By Arthur Machado
I have a complicated relationship with song remixes; oftentimes they come out in periods when you’re craving new content and you end up being disappointed by the lack of original changes the guest artist has made to the song. While these remixes and covers had an opportunity to completely reimagine the original tune to their own musical identity, it usually sounds like the band decided to release a simple karaoke session. But on the other side there are cases where the rehashes of the original songs breathe new life onto the original band, allowing for rising artists to unleash their imagination and bring magical new arrangements to songs you already loved. Californian band glass beach’s new release alchemist rats beg bashful (remix) was released earlier this month without much promotion, and it’s a complete rehashing of the bands debut LP, 2019’s the first glass beach album. And believe me, this album falls upon the latter category of remix records, as each song on their emo rock masterpiece is reimagined by several emerging artists into completely different genres and vibes.
The album’s opener “jhariah dies and goes to hell” starts the LP with my personal favorite song released. Jahriah is a Bronx musician that blends elements of hyperpop, jazz and broadway-esque vocal techniques on his own tracks, and he brings all these elements to the forefront of his cover. The addition of big band horns and the arrangement of traditional four-part harmonies throughout the track give it a grandiose feel, to an already ‘Disneyesque’ banger.
Among some of the other album highlights we have the hyperpop inspired “(FOREVER!!!!!!!!!) [WOW OK Remix]” and “yoshis island (world 7×7 mix)” by WOW OK and Clover & Sealife respectively. Run For Cover records gave the visibility necessary for both of these extremely small artists . The two tracks are produced immaculately, and stand by themselves as chaotic upbeat gems of the album.
On the less electronic side we have tracks like “Calico (Emo Rocksteady Cover)” by Skatune Network (Who is amazing in his own right! I’ve spent countless hours streaming his ska versions of midwest emo on YouTube.) The YouTube musician infuses the song with rocksteady’s traditional staccato chords, upbeat horns and overlapping vocals, making it a worthy contender to what you’d listen to in a House of Blues ska-punk concert in 1998. Similarly, math-rock lofi guitarist Shalfi presents a display of technical excellence with his cover of glass beach’s “Planetarium.” The multi-layered guitar arrangements alongside the genre’s traditional harmonics and tapping style chords results in an amazing interlude, reminiscent of the Earthbound games that inspired the song’s composers in the first place.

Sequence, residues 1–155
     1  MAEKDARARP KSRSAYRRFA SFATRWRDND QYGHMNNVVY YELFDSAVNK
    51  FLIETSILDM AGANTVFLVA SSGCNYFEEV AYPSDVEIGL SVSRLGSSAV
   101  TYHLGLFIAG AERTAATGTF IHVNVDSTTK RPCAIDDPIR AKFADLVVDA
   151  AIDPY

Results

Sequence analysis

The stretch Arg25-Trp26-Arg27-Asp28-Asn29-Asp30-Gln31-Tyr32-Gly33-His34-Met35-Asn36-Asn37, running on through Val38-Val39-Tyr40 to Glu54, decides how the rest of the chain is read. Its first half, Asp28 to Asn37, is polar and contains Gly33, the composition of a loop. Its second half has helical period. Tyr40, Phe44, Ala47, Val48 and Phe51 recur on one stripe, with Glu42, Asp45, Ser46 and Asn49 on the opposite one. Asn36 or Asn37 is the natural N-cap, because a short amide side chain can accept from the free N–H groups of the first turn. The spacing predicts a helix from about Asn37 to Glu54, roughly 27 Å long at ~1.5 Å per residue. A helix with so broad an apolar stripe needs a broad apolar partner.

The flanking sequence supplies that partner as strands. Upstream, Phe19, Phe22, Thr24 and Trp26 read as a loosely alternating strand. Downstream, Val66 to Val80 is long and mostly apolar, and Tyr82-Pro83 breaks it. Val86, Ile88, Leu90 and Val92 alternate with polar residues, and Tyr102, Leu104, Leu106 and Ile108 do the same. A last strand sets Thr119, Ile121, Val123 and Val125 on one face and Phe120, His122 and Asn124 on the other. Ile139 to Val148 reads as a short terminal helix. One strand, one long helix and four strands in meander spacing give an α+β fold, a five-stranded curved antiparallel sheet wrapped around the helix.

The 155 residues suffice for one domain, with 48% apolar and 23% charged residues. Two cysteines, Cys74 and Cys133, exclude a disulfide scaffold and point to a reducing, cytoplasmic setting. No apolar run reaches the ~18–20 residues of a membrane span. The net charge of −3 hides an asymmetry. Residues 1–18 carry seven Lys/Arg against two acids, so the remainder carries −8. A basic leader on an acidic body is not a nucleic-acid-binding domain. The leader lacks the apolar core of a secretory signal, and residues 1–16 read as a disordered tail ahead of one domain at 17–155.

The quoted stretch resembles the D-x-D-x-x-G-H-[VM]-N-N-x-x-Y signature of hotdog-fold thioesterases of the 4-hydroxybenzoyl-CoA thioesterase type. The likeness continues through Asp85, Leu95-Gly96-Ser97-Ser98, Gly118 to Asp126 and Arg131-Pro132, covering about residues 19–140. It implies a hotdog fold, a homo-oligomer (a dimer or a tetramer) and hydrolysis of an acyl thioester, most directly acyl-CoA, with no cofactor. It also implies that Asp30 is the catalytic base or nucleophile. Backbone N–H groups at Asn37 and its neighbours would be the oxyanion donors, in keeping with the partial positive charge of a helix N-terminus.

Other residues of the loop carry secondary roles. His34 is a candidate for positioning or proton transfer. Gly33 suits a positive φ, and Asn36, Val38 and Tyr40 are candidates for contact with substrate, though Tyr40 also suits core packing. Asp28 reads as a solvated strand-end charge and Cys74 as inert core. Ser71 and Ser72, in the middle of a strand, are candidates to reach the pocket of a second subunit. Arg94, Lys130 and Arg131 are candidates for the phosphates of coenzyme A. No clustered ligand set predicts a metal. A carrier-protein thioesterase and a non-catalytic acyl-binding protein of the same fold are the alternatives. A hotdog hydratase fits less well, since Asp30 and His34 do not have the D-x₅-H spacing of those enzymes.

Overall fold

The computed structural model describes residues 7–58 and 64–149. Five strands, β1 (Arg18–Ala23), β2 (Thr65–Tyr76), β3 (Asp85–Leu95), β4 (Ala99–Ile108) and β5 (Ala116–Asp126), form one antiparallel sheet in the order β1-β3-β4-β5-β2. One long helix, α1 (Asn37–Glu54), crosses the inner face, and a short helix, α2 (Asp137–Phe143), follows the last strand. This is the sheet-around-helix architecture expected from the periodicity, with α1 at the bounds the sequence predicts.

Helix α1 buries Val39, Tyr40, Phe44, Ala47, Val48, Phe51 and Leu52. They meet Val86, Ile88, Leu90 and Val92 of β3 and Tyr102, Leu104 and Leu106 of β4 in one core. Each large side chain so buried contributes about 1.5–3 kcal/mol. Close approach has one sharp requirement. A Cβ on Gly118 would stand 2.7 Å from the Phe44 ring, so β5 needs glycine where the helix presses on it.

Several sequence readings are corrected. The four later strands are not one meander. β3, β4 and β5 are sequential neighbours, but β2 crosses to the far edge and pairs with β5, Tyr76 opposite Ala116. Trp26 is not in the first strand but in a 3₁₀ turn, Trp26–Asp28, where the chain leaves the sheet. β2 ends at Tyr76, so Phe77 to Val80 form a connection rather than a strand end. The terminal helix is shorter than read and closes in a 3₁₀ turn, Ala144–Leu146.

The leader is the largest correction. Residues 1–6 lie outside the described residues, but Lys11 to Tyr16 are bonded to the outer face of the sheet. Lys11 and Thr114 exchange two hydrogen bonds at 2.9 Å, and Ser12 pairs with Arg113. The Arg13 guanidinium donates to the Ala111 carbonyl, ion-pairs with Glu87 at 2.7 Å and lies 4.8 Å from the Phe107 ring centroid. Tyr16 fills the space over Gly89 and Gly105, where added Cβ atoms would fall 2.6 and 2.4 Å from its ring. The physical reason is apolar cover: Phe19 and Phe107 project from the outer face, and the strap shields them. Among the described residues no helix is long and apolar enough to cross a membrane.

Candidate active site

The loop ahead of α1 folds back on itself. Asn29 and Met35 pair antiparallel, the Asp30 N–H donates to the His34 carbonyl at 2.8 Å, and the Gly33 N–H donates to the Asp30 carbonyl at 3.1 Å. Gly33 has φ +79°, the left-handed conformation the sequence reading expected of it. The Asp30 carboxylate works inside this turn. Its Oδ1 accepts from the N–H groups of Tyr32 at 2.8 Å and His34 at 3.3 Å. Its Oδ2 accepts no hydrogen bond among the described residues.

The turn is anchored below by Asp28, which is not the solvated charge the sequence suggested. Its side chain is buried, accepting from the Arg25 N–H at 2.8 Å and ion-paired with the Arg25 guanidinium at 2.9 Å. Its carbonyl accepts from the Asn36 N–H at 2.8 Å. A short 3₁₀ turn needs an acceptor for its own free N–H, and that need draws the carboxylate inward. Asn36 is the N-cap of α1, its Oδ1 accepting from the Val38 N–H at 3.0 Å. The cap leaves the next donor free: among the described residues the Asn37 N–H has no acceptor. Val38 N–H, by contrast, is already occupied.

The 18 track album is not free of a few shortcomings and let-downs. And surprisingly these come from some of the most famous collaborators. Art-pop powerhouse NNAMDÏ produces an over complicated watered down version of glass beach’s debut album closer, stripping the track from all of the heavy emotional load its original counterpart had. Riot grrrl act Pinkshift’s cover of “bedroom community” and the midwest emocore Dogleg’s verision of “Neon Glow ” do not showcase the artistic potential these bands have. While both of these acts could have adapted the original jazzy guitar arrangements to sound more original the songs disappoint, as they are essentially carbon copies of Jay McLendon’s emo anthems.
At its core alchemist rats beg bashful (remixes) is far from replacing the original versions of the songs adapted. While some are beautiful re-imaginings of glass beach’s intricate compositions who are definitely worth listening to, the album should still be approached as simple extra content from the band, not as a main release. The Californian band’s quirkiness, wide array of influences, and captivating personalities is what originally hooked me onto them, up to the point where they became my most streamed band for 2020. This remix album is a solid compliment to the masterpiece that the first glass beach album truly is, and much of its charm derives from the fact the original work is so wonderful. That being said, if you are already a fan of the band (which you should definitely be by now) this quenches your thirst for new content until Jay decides to drop more surprise singles. All of the artists featured are extremely talented on their own right as well, and this initiative is fantastic to provide them with some much needed visibility. I’ve been constantly streaming Jahriah, Selfie and Pinkshift since I discovered them through the remix album. And this is the true beauty of the record, it may not be as good as the original, but the collaborative nature it brings to the table ultimately sets it as an enjoyable listen!